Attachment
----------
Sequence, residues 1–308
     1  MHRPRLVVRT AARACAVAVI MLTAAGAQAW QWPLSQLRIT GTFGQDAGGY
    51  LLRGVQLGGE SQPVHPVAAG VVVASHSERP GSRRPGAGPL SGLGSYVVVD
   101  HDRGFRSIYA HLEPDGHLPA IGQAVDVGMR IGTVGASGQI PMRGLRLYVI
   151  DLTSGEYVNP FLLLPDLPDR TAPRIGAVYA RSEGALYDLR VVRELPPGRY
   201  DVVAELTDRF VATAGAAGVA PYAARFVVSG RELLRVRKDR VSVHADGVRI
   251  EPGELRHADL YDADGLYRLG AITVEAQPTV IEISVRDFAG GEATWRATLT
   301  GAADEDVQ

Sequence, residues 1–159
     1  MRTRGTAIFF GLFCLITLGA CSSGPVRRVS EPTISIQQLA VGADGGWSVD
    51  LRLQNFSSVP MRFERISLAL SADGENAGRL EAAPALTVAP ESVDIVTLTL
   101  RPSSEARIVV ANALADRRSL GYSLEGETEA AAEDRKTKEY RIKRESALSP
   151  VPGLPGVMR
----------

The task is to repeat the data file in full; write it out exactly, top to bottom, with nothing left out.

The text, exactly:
Sequence, residues 1–308
     1  MHRPRLVVRT AARACAVAVI MLTAAGAQAW QWPLSQLRIT GTFGQDAGGY
    51  LLRGVQLGGE SQPVHPVAAG VVVASHSERP GSRRPGAGPL SGLGSYVVVD
   101  HDRGFRSIYA HLEPDGHLPA IGQAVDVGMR IGTVGASGQI PMRGLRLYVI
   151  DLTSGEYVNP FLLLPDLPDR TAPRIGAVYA RSEGALYDLR VVRELPPGRY
   201  DVVAELTDRF VATAGAAGVA PYAARFVVSG RELLRVRKDR VSVHADGVRI
   251  EPGELRHADL YDADGLYRLG AITVEAQPTV IEISVRDFAG GEATWRATLT
   301  GAADEDVQ

Sequence, residues 1–159
     1  MRTRGTAIFF GLFCLITLGA CSSGPVRRVS EPTISIQQLA VGADGGWSVD
    51  LRLQNFSSVP MRFERISLAL SADGENAGRL EAAPALTVAP ESVDIVTLTL
   101  RPSSEARIVV ANALADRRSL GYSLEGETEA AAEDRKTKEY RIKRESALSP
   151  VPGLPGVMR